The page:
The question just asks to verify the given solution. Use this solution in the left- and right-hand sides of your differential equation and show that they are equal.
Ive had a few attempts at trying to answer this question but have been unsuccessful. Can anyone guide me through the answer so I know how to do it.
Differential Equation ---> y'=(2/x)y+(x^2)(e^x)
Show that the analytical solution is given by ---> y(x) = x^2(e^x - e)
NFS1, do you understand that, as John D Malcolm said, this problem does NOT ask you to find the general solution? In this case it is fairly straightforward to solve, as Prove It showed, but you might have equations in the future that are much harder or impossible to solve in general- but it is easy to show that a given function satisfies the equation.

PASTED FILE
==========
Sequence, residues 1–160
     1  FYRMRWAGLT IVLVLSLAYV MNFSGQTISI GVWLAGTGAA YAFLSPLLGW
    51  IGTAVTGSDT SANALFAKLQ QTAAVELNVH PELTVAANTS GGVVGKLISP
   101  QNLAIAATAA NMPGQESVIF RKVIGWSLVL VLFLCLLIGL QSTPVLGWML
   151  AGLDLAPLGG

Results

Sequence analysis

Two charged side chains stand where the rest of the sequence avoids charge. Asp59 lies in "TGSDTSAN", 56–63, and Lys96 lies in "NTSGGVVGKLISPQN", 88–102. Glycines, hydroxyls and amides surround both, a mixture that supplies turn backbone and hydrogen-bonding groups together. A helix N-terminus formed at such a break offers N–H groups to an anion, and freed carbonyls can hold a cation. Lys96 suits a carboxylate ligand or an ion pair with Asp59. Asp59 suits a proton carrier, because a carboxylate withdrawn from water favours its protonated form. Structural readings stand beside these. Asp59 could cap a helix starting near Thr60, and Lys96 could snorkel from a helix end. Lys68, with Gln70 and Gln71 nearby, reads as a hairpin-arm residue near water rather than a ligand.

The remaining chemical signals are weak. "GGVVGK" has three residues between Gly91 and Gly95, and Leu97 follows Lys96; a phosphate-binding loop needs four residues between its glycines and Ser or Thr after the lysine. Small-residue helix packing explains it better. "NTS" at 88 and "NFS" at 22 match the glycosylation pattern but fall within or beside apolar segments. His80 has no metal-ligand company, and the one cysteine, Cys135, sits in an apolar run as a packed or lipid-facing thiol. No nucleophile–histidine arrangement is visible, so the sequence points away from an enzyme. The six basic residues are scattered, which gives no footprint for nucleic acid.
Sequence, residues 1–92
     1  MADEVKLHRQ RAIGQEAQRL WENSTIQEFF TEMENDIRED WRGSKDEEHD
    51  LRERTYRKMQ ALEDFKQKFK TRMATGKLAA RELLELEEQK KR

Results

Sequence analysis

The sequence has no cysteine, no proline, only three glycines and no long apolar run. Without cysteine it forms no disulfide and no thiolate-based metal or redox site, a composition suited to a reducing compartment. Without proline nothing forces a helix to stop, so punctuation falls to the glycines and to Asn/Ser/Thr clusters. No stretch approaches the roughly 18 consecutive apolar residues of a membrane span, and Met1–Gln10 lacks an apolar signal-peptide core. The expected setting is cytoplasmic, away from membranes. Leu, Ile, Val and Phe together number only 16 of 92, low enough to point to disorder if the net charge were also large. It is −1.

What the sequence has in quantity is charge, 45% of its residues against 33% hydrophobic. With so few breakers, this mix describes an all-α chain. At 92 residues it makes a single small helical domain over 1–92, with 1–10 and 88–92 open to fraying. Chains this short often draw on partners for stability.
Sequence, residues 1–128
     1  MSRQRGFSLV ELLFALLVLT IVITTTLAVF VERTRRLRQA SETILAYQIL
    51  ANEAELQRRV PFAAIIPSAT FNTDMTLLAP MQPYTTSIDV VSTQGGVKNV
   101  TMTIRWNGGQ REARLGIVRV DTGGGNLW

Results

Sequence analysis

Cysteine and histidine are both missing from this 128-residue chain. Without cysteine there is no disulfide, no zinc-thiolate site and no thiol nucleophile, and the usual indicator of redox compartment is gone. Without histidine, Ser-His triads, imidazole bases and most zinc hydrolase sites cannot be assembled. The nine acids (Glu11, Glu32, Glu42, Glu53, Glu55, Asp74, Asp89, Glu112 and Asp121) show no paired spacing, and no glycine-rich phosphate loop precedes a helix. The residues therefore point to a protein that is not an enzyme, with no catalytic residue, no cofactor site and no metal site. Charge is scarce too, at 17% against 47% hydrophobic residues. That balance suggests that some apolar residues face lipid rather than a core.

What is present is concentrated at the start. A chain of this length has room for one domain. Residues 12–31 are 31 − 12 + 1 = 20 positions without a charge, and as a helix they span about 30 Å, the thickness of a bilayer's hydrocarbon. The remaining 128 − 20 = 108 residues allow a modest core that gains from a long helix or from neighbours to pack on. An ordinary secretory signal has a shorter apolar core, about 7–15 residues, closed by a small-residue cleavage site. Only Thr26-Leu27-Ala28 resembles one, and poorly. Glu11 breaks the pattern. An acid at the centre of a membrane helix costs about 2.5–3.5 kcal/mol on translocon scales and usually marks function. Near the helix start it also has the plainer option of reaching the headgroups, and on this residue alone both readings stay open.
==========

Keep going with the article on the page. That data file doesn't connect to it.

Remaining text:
Differential equation ----> xy'' + y' = x^2 can be written as d/dx(xy')=x^2 find analytical solution
So using steps Prove It has shown
> xy'=int(x^2)dx
> xy'=(x^3)/3
> y'=(x^2)/3
> y = (x^3)/9 as the analytical solution??
As HallsofIvy and JohnD have said
> y=(x^3)/9
> y'=(x^2)/3
> y''=2x/3
substituting these into left and right hand side
>(2x^2)/3 + (x^2)/3 = x^2
>(3x^2)/3 = x^2
> x^2 = x^2
so they both equal and therefore my analytical solution is y=(x^3)/9 correct?